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Court strikes down mandatory life sentences without parole for young murderers

Updated at 2:25 pm ET The Supreme Court Monday struck down mandatory sentences of life imprisonment without parole for convicted murderers who were only 14 years old when they committed their crimes.

There are approximately 80 people nationwide who are serving such sentences for murders they committed when they were fourteen years old or younger.

The justices ruled that imposition of a life-without-parole sentence on a fourteen-year old convicted of homicide violates the Eighth Amendment's prohibition against cruel and unusual punishments.

The decision arose out of two cases, one from Arkansas and one from Alabama.

In each case, a 14-year-old offender was convicted of murder and sentenced to life imprisonment without the possibility of parole.

“State law mandated that each juvenile die in prison even if a judge or jury would have thought that his youth and its attendant characteristics, along with the nature of his crime, made a lesser sentence (for example, life with the possibility of parole) more appropriate,” noted Justice Elena Kagan, who wrote the majority opinion for the court.

Kagan said that “a judge or jury must have the opportunity to consider mitigating circumstances before imposing the harshest possible penalty for juveniles.”

Requiring all children convicted of homicide to receive life in prison without possibility of parole, “regardless of their age and age-related characteristics and the nature of their crimes,” violates the principle of proportionality, and conflicts with the Eighth Amendment’s ban on cruel and unusual punishment, Kagan said.

Monday’s ruling was not a surprise since the high court had already decided in cases in 2005 and 2010 that that the Eighth Amendment bars capital punishment for children and that it also prohibits a sentence of life without the possibility of parole for a child who committed a non-homicide offense.

In the Alabama case Evan Miller, 14 years old, killed an adult neighbor, Cole Cannon, while Miller, Cannon and another boy Colby Smith, were smoking marijuana and drinking alcohol. Miller beat Cannon with a baseball bat and said “I am God, I’ve come to take your life.”

Miller and Smith then set Cannon’s trailer on fire to cover up their crime. After Cannon died from his injuries and smoke inhalation, Alabama charged Miller as an adult with murder in the course of arson.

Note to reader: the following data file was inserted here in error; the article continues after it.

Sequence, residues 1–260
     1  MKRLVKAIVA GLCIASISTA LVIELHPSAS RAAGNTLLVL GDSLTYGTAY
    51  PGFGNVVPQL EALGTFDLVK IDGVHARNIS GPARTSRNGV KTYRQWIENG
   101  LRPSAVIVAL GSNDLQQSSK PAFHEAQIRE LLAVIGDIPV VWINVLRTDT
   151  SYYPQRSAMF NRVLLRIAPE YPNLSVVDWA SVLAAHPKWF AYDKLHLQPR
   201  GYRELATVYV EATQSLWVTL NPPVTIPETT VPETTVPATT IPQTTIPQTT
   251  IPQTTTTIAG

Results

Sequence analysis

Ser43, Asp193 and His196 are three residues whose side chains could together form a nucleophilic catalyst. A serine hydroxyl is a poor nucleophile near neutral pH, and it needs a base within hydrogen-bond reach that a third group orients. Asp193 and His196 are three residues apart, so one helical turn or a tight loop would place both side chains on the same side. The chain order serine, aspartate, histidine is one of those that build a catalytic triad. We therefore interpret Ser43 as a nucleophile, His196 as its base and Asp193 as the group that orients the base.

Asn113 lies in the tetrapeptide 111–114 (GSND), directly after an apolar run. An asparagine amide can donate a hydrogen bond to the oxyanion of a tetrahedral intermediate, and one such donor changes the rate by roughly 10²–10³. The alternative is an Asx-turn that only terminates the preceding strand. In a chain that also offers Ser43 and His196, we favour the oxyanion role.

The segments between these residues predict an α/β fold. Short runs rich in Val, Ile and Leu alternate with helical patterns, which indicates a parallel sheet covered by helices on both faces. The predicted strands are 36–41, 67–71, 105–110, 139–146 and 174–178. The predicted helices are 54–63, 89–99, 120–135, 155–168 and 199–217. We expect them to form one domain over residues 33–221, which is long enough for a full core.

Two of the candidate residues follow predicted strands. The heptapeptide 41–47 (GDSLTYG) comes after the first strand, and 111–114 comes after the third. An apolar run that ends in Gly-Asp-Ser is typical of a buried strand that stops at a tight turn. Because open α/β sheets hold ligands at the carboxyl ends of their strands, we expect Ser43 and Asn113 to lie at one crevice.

Smith pleaded to a lesser offense and provided testimony that helped convict Miller.

“No one can doubt that he and Smith committed a vicious murder,” Kagan said. “But they did it when high on drugs and alcohol consumed with the adult victim. And if ever a pathological background might have contributed to a 14-year-old’s commission of a crime, it is here.”

She said Miller’s stepfather had abused him and “his alcoholic and drug-addicted mother neglected him; he had been in and out of foster care as a result” and had tried to kill himself four times.

In the accompanying case from Arkansas, a boy named Kuntrell Jackson, 14 years old, along with two other boys decided to rob a video store. In the course of that robbery, one of the other boys shot and killed the store clerk. Jackson was unarmed when the murder took place but was charged as an accessory.

Kagan’s opinion was joined by Justices Anthony Kennedy, Ruth Bader Ginsburg, Stephen Breyer, and Sonia Sotomayor.

Chief Justice John Roberts and Justice Antonin Scalia, Clarence Thomas and Samuel Alito dissented.

In his dissent, Roberts wrote that “the only stopping point for the Court’s analysis would be never permitting juvenile offenders to be tried as adults.”

He also said that in recent years more and more states had moved toward requiring that “the murderer, his age notwithstanding, be imprisoned for the remainder of his life. Members of this Court may disagree with that choice.  Perhaps science and policy suggest society should show greater mercy to young killers, giving them a greater chance to reform themselves at the risk that they will kill again. But that is not our decision to make.”